The stand out story of 2012 had to be the political melodrama that kept the local and the international press enthralled, drew widespread criticism and eventually elicited firm rebukes from the European Commission. Along the way there were three new governments in the space of just a few months, botched privatizations and a referendum to impeach Romania’s president Traian Băsescu.
But perhaps some of the biggest stories were about what didn’t happen: despite his unpopularity, president Basescu was not impeached, Oltchim wasn’t privatized and Romania didn’t join the Schengen area.
Elsewhere, there have been plenty sporting highlights with the Olympic games in London and the Europa League finals in Bucharest.
Plenty of corruption cases have hit the headlines in 2012, involving the great, but clearly not so good. The biggest fish of the lot in the anti corruption directorate’s catch was former Prime Minister Adrian Nastase, who is currently in jail for corruption.
A hot summer and some big concerts and festivals in Romania, with a number of major names from the music world making stops in Romania this year.
Romania-Insider.com chose the most important 12 stories of the year.
Romania witnessed the year of extreme weather in 2012. It started out with heavy snowfalls, blizzards which took over various regions of the country, including capital Bucharest, and continued with snow melting and threatening to cause flooding.
The summer brought some more of the extreme weather – there was little rain in the summer of 2012, which affected crops across the country, turning 2012 into one of the worste year for agriculture.
The year seems to end in another wave of cold and blizzard, with meteorologists issuing codes Yellow and Orange for some counties.
The political battle took over Romania in 2012 probably more than anytime in the past. POlitical instability was reflected via the frequent Government changes. The year started with a Government change, and then another- a short lived Government, with a third change after the recent elections on December 9.
It was not only that – plagiarism accusations emerged in case of some Government members which had to be replaced while the issues were being investigated.
A new Government was proposed and will most likely be voted until this Christmas.
The center piece of this year’s political battle in Romania must be the attempt to impeach the president and the referendum organized in July. With the president on the sideline for around two months, campaigning for his return, and the leader of one of the opposition parties taking his seat in the meantime, Romania was seen as adrift during the hot months of the summer of 2012.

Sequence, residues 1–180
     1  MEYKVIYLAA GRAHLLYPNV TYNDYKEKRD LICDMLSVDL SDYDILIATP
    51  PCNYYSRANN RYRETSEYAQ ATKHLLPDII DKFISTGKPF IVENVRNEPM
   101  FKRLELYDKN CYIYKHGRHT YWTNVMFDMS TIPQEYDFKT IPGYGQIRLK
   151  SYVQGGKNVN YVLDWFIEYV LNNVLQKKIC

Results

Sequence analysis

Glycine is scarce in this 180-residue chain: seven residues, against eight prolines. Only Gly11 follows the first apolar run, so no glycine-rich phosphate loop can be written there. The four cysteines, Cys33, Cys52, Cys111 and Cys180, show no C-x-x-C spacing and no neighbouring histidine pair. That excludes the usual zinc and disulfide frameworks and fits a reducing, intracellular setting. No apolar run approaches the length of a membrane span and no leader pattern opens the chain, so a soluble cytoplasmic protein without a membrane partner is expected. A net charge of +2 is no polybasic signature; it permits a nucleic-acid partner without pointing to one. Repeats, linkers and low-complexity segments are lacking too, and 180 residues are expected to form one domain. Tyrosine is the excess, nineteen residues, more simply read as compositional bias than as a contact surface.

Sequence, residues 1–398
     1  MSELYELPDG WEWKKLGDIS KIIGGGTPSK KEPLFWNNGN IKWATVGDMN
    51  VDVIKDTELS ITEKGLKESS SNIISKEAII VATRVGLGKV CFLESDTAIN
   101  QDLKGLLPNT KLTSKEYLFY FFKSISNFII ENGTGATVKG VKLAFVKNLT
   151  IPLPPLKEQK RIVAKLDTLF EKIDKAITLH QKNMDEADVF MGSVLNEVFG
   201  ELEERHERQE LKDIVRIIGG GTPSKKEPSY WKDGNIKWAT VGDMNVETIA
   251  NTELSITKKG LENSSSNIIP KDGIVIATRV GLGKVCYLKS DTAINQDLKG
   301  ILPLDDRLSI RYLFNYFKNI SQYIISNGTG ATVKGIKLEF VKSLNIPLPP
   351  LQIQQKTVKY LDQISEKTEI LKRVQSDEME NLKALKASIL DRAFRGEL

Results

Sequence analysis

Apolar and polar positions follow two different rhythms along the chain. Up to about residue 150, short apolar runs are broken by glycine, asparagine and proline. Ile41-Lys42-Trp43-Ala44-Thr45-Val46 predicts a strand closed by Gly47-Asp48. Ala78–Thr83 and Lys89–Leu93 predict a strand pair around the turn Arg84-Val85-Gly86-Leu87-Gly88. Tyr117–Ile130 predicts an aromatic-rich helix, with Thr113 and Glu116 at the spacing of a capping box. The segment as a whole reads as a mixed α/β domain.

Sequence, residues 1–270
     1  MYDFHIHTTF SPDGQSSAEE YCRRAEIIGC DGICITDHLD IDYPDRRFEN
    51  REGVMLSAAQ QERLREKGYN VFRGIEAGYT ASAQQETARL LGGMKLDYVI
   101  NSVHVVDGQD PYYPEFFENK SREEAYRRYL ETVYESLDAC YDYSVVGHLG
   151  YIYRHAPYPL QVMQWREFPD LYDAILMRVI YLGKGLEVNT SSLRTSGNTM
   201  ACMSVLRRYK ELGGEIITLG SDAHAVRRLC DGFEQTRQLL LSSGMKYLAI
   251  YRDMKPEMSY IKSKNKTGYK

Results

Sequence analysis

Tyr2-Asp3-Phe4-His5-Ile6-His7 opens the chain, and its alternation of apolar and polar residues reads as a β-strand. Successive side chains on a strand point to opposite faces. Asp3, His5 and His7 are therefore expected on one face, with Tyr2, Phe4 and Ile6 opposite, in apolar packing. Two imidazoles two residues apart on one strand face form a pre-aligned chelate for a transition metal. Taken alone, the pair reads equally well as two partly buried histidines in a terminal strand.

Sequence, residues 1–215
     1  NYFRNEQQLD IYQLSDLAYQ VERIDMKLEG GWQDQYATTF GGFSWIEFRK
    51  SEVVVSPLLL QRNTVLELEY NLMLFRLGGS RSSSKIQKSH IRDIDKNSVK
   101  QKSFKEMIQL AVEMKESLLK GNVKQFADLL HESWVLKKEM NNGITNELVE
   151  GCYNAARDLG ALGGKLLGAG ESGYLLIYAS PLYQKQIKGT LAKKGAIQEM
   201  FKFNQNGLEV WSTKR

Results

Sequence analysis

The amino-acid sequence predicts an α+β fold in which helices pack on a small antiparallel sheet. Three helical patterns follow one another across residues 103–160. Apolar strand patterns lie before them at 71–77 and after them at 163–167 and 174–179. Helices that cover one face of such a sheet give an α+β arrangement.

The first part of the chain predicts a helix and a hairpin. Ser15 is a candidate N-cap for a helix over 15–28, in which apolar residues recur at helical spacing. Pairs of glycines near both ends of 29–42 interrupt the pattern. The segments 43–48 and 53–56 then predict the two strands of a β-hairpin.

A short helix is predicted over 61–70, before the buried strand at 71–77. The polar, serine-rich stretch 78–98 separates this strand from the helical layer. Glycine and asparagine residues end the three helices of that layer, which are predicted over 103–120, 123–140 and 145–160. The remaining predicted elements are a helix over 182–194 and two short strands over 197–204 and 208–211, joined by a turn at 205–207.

European leaders scolded the country for various irregularities and the whole issue kept everyone busy- media, politicians, commentators – until late autumn.
The president Traian Basescu survived the referendum, which did not reach its needed threshold to be validated.
All these were not enough, and the President and the PM choose to enter a long, almost silly public quarrel, which ended up in more European – level scolding for Romania
In times of crisis, Romania tried to get more money to its budget. Selling some of its assets seemed like the best sollution to cash in some money, but things were not that simple.
The first of two major failed privatizations this year was of state company Cupru Min. Dyring the short lived Government led by Mihai Razvan Ungureanu, the state tried to sell the copper mine Cupru Min, and even had a company interested to buy. But the deal somehow slipped through the Government’s fingers.
Former PM and other big names sent to jail
Romanian prosecutors seem to have been busier than ever this year, which kept the media on its toes as well. Some big names ended up in prison, after long years of dragging their cases in the court. The biggest name was the former Prime Minister Adrian Nastase, whose imprisonement was not without fuss. On the night when he was supposed to go to jail, he tried to kill himself, but survived and ended up in prison. The whole subject stirred pros and cons from the media and analysts in June 2012.
The list of important names sent to jail continued:
Local and general elections